Andrew Vine: What if using your vote was compulsory?

A PIECE of Parliamentary business will fly by in an almost-empty House of Commons tomorrow, unnoticed by most of the electorate.

That’s a shame, because to any of us who turn out rain or shine to exercise our right to vote, and to those who heed siren voices urging them not to bother, it promises to be a thought-provoking debate, especially in the long haul towards May’s general election.

The debate, under the 10-minute rule, has been granted to the veteran Labour MP for Walsall North, David Winnick, who wants to see voting become a legal obligation.

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His proposal is that those who do not intend to vote must inform the authorities in writing, or turn up at a polling station and formally abstain. Should they fail to do either, they would face a fine. A similar scheme operates in Australia, where the penalties are the equivalent of about £30.

There is no chance of Mr Winnick’s proposal becoming law, but he will be heard with much sympathy on all sides for addressing an issue that is increasingly a matter of concern.

It’s possible that one day he will be remembered for starting a debate on making voting compulsory in advance of one of the most unpredictable general elections in modern history being decided on a woefully small turnout.

The opening salvoes of the election campaign have already been fired, and it’s going to feel like a very long war of attrition between now and May 7.

So long, in fact, there is a real possibility that over the next five months many voters are going to become weary of the claim and counter-claim, of mud-slinging and endless dissection of statistics.

In a sense, we’ve been in the middle of an election campaign for at least a year, as the three main parties jockeyed for position, all the while casting apprehensive glances over their shoulders to see Ukip bearing down on them or the SNP in Scotland’s case.

This brings with it the real risk that the public will switch off, and lose sight of the importance of the election at a period when whoever wins will have to steer the country on a very careful course through economic and political uncertainties, particularly the problems besetting Europe and Britain’s place in the EU.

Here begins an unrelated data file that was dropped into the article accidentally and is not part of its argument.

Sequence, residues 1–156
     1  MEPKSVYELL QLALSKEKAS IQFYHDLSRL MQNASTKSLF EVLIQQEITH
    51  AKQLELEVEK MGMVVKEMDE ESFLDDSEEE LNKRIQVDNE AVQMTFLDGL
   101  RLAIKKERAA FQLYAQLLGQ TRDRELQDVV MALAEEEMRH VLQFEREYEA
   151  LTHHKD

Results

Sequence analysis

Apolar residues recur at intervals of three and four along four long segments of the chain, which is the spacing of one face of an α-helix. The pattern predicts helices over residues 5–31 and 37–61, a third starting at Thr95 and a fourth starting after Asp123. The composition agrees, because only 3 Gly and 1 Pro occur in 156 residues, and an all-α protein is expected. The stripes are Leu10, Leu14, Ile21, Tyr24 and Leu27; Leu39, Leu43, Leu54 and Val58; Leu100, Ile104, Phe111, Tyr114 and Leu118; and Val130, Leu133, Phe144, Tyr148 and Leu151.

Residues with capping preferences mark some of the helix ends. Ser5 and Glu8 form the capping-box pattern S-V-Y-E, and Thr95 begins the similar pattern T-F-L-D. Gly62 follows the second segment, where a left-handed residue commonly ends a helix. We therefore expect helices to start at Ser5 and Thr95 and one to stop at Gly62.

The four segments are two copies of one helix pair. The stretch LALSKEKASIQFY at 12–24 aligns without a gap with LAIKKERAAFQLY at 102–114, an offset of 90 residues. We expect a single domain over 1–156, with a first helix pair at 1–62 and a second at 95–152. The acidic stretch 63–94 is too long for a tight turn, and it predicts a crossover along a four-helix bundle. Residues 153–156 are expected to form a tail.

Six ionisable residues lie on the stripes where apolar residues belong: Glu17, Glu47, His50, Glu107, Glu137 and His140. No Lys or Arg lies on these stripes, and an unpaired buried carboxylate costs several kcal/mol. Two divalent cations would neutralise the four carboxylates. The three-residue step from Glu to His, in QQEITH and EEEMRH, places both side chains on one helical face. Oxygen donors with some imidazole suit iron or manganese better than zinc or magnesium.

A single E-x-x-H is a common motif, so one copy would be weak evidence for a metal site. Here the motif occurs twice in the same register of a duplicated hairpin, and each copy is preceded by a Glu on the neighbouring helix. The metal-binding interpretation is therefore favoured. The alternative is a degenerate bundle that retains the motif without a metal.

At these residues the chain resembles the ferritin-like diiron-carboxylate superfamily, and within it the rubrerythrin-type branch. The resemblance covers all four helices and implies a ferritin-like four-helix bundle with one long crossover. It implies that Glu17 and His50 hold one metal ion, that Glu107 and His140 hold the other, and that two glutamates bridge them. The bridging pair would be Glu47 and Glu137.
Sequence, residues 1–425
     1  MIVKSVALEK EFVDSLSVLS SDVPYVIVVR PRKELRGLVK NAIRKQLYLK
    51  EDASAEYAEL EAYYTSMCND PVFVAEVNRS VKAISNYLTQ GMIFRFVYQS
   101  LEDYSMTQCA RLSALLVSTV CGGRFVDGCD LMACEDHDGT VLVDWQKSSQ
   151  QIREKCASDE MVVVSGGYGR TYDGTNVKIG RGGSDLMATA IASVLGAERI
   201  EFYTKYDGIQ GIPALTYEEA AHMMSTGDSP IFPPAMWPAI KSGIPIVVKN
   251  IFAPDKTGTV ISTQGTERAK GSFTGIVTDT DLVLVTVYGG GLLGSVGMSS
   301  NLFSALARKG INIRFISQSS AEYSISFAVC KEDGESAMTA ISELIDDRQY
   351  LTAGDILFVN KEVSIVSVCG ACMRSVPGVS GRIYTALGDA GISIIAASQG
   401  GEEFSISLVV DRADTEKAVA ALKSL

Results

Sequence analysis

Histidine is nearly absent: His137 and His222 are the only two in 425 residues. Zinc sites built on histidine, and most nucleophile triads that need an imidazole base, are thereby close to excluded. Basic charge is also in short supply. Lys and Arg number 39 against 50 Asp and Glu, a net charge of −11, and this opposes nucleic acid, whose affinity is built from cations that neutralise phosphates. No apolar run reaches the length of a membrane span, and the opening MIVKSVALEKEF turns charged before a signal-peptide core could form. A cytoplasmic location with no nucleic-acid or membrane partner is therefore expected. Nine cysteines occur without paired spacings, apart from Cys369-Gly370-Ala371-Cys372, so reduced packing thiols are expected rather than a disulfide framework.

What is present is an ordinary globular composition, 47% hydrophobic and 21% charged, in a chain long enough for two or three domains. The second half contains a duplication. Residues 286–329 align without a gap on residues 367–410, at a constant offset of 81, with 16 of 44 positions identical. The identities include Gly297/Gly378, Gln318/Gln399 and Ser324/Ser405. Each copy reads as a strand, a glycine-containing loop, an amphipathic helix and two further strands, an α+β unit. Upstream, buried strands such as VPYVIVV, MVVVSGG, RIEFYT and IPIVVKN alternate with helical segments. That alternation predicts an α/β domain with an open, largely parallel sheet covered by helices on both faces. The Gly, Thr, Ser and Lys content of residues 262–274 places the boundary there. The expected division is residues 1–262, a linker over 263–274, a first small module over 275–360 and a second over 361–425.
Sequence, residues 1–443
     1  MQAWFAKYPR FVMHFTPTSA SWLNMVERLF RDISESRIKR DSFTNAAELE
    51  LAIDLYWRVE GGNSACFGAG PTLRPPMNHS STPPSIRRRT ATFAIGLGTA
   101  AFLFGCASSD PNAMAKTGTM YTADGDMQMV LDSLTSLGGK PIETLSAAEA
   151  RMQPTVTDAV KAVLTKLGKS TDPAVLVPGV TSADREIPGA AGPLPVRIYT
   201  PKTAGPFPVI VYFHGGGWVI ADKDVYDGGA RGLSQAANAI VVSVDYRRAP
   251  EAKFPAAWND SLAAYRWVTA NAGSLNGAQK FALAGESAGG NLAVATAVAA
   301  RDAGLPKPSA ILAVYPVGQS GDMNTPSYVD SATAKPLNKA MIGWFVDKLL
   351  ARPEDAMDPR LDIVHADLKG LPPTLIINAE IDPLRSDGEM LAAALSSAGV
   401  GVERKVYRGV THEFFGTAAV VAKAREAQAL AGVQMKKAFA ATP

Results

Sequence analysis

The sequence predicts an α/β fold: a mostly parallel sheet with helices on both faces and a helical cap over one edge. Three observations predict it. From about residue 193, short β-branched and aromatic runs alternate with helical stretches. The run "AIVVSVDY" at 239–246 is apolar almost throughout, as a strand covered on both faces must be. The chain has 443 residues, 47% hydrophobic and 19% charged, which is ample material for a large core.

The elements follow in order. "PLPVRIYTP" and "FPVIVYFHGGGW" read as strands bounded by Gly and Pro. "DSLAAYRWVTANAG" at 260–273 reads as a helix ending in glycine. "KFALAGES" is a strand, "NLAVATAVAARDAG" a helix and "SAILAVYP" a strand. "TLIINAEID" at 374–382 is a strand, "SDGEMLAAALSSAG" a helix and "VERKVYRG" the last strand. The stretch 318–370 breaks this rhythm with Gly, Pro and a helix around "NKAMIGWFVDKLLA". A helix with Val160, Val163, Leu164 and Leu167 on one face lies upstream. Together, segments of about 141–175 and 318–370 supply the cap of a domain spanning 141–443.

Engaging voters is more than ever necessary, given the unpredictable – and potentially volatile – circumstances in which we find ourselves. It is anybody’s guess what the next government will look like, given that the balance of power could lie with the Liberal Democrats, Ukip or Scottish Nationalists.

Yet engaging them becomes ever more difficult at a time when there is disillusionment at what is perceived to be a professional political class several steps removed from real-life issues that worry voters.

Firing passion in the electorate about issues that matter to everyday lives is the key. This was powerfully demonstrated by the vote on Scottish independence, when the deeply-felt views on both sides brought a turnout of more than 84 per cent.

The vote was not only a triumph for those determined to keep the United Kingdom together. It was a shining day for our democratic process as well because so many were determined to have their say.

It is doubtful that we shall see a turnout anywhere near as high in May, because a general election is not a once-in-a-lifetime event comparable to an independence vote.

Nevertheless, it is vital that everyone entitled to have their say does so, and the time may be coming when something very like Mr Winnick’s proposals have to be introduced if governments are not to face a constant barrage of heckling about their legitimacy after squeaking home on turnouts of less than half those eligible to vote.

Compulsory voting sits uneasily with many. Casting a ballot should be an obligation of conscience, rather than the law, an acknowledgement of our freedom and privilege to have a say in how the country is governed. But we need the electorate to wake up to the importance of voting to drown out the voices that urge us not to bother.

The most strident of these is that of the comedian Russell Brand, whose tiresome railings against capitalism and the mainstream political process would be merely preposterous were it not for the indications that at least a section of younger voters appear to be taking heed of him.

Leaving aside the absurdity of a multi-millionaire entertainer preaching against wealth, Brand’s argument is worthless and empty. He advocates nothingness in place of a democratic process.

Posturing at demonstrations or stage-managing protests at a bank branch do nothing to safeguard the future of the NHS or ensure children get the best education possible. Voting, and making our concerns clear to those we elect, are the most powerful means we have to turn what we want to happen into reality.